Do you want more sleep?   Yes! I need more sleep.

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Reader Interactions


  1. Valerie Williams says

    I try to start calming down my 1 month old around 8pm is that too early? She won’t go to sleep till closer to 11 some days and other days she’s out at 9:30. I don’t understand what else to do. I rock her, bounce her, feed her and change her. Try everything and those days she just won’t go to sleep. Help?

    • Neosha says

      @Valerie – Thank you for stopping by our sleepy little village and for sharing. Babies this age are a little tough to get on an exact schedule or bedtime routine so we can definitely understand your frustration if what you’re doing doesn’t seem to be working. Here’s an article I think you may find useful as it overviews helping your 4 week old to sleep specifically: I hope it helps, Valerie. Hang in there!

  2. Joycelyn says

    My baby is almost 8 months. I feed him every 4 hours starting at 5 am, that’s when he usually wakes up in the morning hungry.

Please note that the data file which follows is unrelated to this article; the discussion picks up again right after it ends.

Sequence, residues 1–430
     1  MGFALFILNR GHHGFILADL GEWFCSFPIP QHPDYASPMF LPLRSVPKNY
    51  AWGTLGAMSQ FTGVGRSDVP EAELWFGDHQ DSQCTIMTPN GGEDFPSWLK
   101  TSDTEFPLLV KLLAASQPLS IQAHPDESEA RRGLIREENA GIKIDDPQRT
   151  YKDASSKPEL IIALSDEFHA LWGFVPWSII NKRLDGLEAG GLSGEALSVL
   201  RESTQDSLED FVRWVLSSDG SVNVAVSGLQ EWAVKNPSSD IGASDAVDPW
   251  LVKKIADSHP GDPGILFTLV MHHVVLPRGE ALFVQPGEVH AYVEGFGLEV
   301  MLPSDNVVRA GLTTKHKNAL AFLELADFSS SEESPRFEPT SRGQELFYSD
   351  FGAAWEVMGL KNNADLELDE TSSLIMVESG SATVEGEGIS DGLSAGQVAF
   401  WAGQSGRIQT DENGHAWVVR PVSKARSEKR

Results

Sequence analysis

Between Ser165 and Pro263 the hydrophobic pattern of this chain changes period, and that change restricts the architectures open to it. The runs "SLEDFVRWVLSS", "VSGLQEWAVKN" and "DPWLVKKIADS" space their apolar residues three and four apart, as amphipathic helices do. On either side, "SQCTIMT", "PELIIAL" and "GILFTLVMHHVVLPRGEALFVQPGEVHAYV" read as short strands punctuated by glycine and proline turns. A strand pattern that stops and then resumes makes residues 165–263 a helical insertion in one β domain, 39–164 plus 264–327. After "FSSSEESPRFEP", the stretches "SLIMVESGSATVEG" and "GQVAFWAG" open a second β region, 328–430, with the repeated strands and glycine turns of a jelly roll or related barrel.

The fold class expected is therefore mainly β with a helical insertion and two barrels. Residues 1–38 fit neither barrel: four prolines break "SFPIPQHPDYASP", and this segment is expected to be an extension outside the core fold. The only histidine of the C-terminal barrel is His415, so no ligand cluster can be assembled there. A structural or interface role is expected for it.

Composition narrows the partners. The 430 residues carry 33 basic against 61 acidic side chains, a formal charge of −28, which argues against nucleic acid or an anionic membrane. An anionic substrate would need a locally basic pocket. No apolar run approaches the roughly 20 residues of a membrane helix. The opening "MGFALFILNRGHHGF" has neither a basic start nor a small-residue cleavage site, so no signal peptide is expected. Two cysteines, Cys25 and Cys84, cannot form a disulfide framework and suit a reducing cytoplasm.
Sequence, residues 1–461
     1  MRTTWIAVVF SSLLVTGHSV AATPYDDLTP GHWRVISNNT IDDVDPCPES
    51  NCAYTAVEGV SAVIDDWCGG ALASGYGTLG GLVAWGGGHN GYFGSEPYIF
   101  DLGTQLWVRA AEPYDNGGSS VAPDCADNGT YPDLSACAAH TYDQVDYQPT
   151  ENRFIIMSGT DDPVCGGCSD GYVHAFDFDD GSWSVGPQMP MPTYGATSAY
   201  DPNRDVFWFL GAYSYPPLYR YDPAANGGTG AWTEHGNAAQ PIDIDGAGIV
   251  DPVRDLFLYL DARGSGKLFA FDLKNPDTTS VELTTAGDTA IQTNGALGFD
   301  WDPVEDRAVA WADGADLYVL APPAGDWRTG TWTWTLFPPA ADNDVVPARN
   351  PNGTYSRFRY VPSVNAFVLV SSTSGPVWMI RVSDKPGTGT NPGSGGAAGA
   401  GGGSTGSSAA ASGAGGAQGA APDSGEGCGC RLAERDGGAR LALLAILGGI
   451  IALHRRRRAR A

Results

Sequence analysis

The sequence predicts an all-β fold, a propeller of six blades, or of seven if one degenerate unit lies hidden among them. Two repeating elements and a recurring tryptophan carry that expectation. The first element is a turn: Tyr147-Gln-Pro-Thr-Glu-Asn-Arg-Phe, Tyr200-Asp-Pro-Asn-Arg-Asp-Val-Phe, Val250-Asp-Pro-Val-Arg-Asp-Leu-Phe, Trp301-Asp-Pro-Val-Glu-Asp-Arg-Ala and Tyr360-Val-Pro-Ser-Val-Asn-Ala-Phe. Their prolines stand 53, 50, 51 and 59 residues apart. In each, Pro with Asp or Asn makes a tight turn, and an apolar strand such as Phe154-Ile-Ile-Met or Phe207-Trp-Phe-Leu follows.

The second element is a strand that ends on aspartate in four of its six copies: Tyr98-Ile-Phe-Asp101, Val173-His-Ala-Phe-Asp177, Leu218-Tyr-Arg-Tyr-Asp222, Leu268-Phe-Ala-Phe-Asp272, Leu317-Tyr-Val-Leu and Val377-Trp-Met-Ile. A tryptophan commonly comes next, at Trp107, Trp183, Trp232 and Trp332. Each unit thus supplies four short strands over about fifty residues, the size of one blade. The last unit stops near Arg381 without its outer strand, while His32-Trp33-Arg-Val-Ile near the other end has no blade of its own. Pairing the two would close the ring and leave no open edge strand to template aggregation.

I give him his last bottle at about 9pm. This is late considering what you have laid out! Should I feed him less earlier and get him to bed sooner? Will this cause him to wake up earlier in the am?

    Help! Hahahaha

    • Janelle Reid says

      @Joycelyn, Thanks for writing! Our samples are definitely not the same for every baby, but they do provide a general guideline of what your baby’s schedule could look like. Here is a link to an article with some tips for early waking (earlier bedtime is one of them):